7. I can only imagine that alot of good lawyers do spend alot more time than one hour per week providing pro bono (or free legal work or advice) in an unofficial, unrecorded manner. Despite the many negative stereotypes that exist for lawyers, I think alot of people consider them in a similar way to doctors. Like doctors, when friends, family or acquantances find out that someone is a lawyer, I imagine they regularly get bombarded with pleas for free legal advice. It would be difficult to switch off from providing legal advice (if it’s asked for) in social settings, at family gatherings, kid’s sports games, dinners with friends etc. I know since I have started studying law, I’ve been hit up for “advice” numerous times on topics from EPAs, wills, body corporate disputes, rental agreements to de facto break ups. Of course I am in no position to provide very reliable or useful advice yet, but I imagine when I am able to it will be difficult to ignore those pleas from friends, family and colleagues.

    That said, I recognise that the type of free legal work I’m referring to is limited to people in a lawyer’s immediate circle, clique or community. It doesn’t extend to those who can’t afford a lawyer, don’t know a lawyer and aren’t eligible for legal aid. These are the people who will most benefit from an increase in required hours for pro bono work of lawyers. Like most charitable activities, there is a great sense of satisfaction in helping those who would otherwise be ignored, helpless and vulnerable.

  8. I like your idea Ken but unfortunately many firms cannot let their lawyers do pro bono work especially around 92 hours for the year. if implemented with the cpd points it could work, but it comes down to their own deadlines, capacity and if they have they can actually help in that area. I think legal aid’s do need as much help as possible and my view was to do pro bono when i can for legal aid civil section mainly NAAJA as they are deficient by funding cuts by the commonwealth and always understaffed. thanks for the article I loved it.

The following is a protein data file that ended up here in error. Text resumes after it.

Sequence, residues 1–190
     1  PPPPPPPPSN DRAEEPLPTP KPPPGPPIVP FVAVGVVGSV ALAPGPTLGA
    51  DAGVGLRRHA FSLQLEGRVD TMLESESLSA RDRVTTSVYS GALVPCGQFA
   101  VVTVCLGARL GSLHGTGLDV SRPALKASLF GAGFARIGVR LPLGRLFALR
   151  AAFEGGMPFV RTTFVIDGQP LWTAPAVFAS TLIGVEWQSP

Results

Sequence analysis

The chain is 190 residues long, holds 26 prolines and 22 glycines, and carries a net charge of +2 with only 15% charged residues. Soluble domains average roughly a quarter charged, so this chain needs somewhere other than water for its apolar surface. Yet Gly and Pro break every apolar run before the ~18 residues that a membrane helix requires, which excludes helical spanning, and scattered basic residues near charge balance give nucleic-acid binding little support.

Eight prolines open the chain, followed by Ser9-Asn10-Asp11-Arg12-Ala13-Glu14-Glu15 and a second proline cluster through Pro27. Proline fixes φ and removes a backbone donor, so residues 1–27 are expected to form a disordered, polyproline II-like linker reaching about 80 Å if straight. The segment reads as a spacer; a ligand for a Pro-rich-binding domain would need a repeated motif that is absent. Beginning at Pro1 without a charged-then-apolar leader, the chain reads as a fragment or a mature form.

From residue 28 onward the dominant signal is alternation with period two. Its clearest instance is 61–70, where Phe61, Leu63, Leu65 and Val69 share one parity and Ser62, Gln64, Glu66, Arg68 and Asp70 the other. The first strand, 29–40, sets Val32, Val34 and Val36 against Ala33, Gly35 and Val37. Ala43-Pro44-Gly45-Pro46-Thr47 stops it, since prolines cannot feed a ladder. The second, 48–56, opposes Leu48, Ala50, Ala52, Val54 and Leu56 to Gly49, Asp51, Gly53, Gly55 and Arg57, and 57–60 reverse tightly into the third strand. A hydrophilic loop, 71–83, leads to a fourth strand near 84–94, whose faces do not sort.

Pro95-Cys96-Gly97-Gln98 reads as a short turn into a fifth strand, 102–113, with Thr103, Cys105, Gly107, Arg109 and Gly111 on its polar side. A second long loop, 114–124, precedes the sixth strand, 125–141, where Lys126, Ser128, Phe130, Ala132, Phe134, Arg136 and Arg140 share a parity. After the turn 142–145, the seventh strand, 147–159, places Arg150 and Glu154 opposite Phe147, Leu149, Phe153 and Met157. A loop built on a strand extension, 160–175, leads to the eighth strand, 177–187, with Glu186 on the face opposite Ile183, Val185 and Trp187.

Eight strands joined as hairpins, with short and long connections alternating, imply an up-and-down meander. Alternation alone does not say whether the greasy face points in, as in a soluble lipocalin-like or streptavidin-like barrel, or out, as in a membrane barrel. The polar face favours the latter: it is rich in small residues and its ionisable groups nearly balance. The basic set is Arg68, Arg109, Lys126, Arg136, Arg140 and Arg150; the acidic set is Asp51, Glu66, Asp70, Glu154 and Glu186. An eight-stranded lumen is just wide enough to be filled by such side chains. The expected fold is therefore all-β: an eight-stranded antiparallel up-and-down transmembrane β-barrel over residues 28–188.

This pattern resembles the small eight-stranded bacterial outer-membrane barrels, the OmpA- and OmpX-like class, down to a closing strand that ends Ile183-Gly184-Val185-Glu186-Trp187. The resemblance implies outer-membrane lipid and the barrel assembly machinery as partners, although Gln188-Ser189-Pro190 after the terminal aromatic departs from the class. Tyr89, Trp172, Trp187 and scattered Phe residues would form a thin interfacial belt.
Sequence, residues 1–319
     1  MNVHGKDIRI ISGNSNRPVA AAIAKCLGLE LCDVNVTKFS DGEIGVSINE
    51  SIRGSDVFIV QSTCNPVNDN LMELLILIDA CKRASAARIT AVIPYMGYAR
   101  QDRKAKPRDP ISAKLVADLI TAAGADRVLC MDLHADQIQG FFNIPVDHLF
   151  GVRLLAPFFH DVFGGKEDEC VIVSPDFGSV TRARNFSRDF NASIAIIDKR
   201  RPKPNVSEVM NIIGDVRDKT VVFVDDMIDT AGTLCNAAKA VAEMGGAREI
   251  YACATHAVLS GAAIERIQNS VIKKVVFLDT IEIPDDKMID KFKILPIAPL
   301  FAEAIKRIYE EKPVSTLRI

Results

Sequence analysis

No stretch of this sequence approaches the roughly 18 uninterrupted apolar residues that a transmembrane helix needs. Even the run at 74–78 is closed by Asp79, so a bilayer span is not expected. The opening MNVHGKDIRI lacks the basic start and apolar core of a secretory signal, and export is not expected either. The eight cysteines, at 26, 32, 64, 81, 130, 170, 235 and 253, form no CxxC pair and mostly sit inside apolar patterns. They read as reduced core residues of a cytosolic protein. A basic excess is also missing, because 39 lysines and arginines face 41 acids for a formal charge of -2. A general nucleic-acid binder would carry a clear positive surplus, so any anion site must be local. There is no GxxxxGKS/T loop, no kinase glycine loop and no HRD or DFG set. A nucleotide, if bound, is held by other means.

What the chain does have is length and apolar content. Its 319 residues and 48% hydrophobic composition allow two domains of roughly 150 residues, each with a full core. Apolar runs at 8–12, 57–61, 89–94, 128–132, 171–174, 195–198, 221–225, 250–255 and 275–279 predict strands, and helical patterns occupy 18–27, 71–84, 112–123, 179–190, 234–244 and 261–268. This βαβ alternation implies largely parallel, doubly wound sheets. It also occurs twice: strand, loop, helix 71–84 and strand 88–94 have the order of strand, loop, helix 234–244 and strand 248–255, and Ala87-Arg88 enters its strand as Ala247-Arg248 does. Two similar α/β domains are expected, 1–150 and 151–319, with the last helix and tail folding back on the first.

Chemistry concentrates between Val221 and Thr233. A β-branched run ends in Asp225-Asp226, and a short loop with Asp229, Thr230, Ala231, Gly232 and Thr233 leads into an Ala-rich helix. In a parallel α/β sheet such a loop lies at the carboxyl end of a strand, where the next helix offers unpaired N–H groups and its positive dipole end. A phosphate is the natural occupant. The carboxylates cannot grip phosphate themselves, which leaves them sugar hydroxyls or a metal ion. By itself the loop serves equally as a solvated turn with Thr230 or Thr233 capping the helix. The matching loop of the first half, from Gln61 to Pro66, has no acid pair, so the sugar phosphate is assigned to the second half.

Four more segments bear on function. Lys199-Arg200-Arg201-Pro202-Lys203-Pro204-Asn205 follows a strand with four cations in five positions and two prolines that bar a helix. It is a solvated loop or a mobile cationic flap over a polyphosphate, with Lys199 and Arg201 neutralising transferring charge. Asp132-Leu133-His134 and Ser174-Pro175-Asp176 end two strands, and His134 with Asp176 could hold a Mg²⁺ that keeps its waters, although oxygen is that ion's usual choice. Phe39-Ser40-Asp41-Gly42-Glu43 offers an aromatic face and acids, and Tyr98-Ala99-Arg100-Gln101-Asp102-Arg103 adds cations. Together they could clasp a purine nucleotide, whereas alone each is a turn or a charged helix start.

9. Excellent article ken, I would love to think that someday I would have time to do pro bono work…maybe when im retired.

  10. Whenever the plight of those who cannot afford legal representation is raised, on particular phrase comes to mind ‘At what price Justice’. And connotations of ‘He with the most money wins’. It is quite shameful that the larger the wallet, the ‘more justice’ afforded. How can a ‘lay litigant’ progress or succeed against ‘teams’ of lawyers? It would appear that ‘lady justices’’ scales have been tipped with the weight of gold.

    But how do we ‘right the scales’? I love the idea of required ‘pro bono’ work but someone somewhere still ends up paying. I also like the ‘no representation’ idea used by the NT Anti-Discrimination Commission – levelling the playing field by not allowing representation. But there are so many people within the community who need assistance with the law who cannot afford it. Perhaps a combination of either required ‘pro bono’ work or a levy for those who cannot or will not fulfil their obligations. Or what about taking a ‘leaf’ from the Building and Construction industry here in WA – they place a levy on every building approval granted. That levy then goes toward training people in the industry. How about charging a levy on every writ (or similar) issued to pay for community legal services? I think that there could be a myriad of different ideas that could work but public discussion is the only way to get some action on them.

    1. How about a really huge reform? We all have to pay taxes (at a flat rate), but we get to choose where 10 percent of our tax money goes (or maybe where all of it goes). That would be an interesting exercise in public administration, wouldn’t it? With no money in the trough, we will end up with politicians who care about the job that they are meant to be doing, and funds can be provided to make administrative tribunals work the way that they are meant to – with adequate resourcing and a level playing field.

      …and then I woke up 😦

  11. I found this too ken in lexology.com.au

    For the good of the public: Victorian in-house lawyers get the right to do pro bono work

    Clayton Utz
    David Hillard
    Australia
    May 10 2012
    Clayton Utz

    David Hillard

    Victoria has passed legislation enabling in-house lawyers to provide pro bono work alongside their colleagues in private practice.